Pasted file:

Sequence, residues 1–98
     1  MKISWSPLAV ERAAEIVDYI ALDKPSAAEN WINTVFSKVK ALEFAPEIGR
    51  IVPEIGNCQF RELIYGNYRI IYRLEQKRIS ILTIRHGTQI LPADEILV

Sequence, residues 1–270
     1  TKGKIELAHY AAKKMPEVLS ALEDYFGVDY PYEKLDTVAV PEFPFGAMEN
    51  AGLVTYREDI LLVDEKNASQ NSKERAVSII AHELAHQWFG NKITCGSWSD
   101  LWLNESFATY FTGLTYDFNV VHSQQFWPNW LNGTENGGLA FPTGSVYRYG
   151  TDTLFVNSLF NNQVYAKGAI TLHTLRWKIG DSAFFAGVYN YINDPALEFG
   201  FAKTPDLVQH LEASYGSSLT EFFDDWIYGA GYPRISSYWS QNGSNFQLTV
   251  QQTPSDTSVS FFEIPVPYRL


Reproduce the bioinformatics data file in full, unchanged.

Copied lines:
Sequence, residues 1–98
     1  MKISWSPLAV ERAAEIVDYI ALDKPSAAEN WINTVFSKVK ALEFAPEIGR
    51  IVPEIGNCQF RELIYGNYRI IYRLEQKRIS ILTIRHGTQI LPADEILV

Sequence, residues 1–270
     1  TKGKIELAHY AAKKMPEVLS ALEDYFGVDY PYEKLDTVAV PEFPFGAMEN
    51  AGLVTYREDI LLVDEKNASQ NSKERAVSII AHELAHQWFG NKITCGSWSD
   101  LWLNESFATY FTGLTYDFNV VHSQQFWPNW LNGTENGGLA FPTGSVYRYG
   151  TDTLFVNSLF NNQVYAKGAI TLHTLRWKIG DSAFFAGVYN YINDPALEFG
   201  FAKTPDLVQH LEASYGSSLT EFFDDWIYGA GYPRISSYWS QNGSNFQLTV
   251  QQTPSDTSVS FFEIPVPYRL